What To Do At The Edinburgh Fringe
The world's largest arts festivals is in full swing until 29 August
It’s time for the Edinburgh Fringe. Whether you’re a veteran of dodging flyers on the Mile, or this will be your first experience of the fantastically eclectic festival, this is a guide to help you with exactly what to do at the Edinburgh Fringe.
Every August, the world flocks to Edinburgh to watch, perform and wander the dreamy streets of the Scottish capital. There’s an incredible volume and variety of shows to discover; but to cut through the noise, here’s everything you need to know.
Edinburgh might be the capital of comedy, but sheer amount of shows on offer is no joke! Watch anything from Apollo-headliners to university cabaret troupes. For the thesps, perhaps Beckett Satire ‘Godot is a Woman’ will appeal, or maybe ‘Unfortunate’, a sassy lampoon of the Little Mermaid à la Wicked. Of course, the Fringe is probably best known for its comedy: you’d be remiss to miss the big names, like the ever-funny Ed Gamble and Tim Vine – hang around long enough and you might even bump into some of your favourite comedians buying chips post-curtain call (as this writer did). But the real joy of the Fringe isn’t the big tickets, but the up-and-comers – ones to watch include TikTok’s Horatio Gould and Amsterdam-based Mexican comic Lara Ricote. Look further and be sure to seek out the weird and wonderful acts, such as beatbox-surrealist-comedy-duo, 2 Mouthed Men. Who knows, they might be the next big thing.
Whether it’s the next smash-hit musical or play (both Six and Fleabag saw their breakthrough runs at the Fringe), or being hypnotised in front of family and friends, there really is something for everyone…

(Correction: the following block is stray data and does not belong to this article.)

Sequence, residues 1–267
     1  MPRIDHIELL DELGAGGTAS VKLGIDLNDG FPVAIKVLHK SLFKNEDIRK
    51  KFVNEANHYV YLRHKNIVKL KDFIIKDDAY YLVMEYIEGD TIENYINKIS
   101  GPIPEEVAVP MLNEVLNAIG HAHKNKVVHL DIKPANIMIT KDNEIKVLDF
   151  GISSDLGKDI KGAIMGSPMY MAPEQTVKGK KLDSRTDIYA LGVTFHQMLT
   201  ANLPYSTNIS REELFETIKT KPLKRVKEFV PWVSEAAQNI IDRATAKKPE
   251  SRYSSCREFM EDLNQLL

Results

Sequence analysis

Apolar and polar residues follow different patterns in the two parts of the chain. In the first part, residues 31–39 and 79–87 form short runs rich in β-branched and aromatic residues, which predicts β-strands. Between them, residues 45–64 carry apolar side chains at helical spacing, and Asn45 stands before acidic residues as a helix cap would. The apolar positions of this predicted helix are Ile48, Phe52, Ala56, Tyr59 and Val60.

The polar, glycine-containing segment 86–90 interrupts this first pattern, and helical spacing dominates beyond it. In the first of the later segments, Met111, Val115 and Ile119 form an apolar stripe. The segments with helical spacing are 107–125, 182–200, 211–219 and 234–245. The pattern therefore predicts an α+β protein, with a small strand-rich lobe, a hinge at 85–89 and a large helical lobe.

Don’t worry too much – a number of hotels are still taking bookings. For the cosmopolitan traveller, the Balmoral and its iconic clock by Waverley Station will strike a chord with you, or for a stylish family-run boutique stay look no further than the Dunstane Houses. A new opening might be the one for you, with the Gleneagles Townhouse in St. Andrew Square. Or why not try another city entirely – Glasgow is less than an hour away by train, and offers a plethora of options.
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Maybe now is a good time to test run the recently opened Dulse restaurant, by chef Dean Bank, which focuses on Scottish seafood dishes with a modern twist (think: lobster crumpets served up with yuzu brown butter).
Alternatively, for lunch, book a table at Wedgwood the Restaurant, which offers a speedy set menu to satiate EdFringers between shows and exploration, featuring a constantly changing selection of seasonal Scottish game (August is grouse season, after all) and locally foraged ingredients.
And finally, for dinner, The Heron offers relaxed fine dining with views of Edinburgh’s picturesque Water of Leith. Tomas Gormley and Sam Yorke are the duo behind this new opening and it’s already received rave reviews for its masterclass in how to use Scotland’s seasonal produce (not to mention heritage breed meat).
Keep It Green
Famously, performers at the Fringe will hand you enough flyers to wallpaper your living room. Not all flyers are created equal in terms of eco credentials, either, so be sure to recycle where possible – but be aware not all can be recycled due to their plastic coating.
To keep your carbon footprint down, C&TH recommends taking a train to the Fringe instead of flying. Less stress, and it allows you time to plan a packed itinerary of first-class entertainment.
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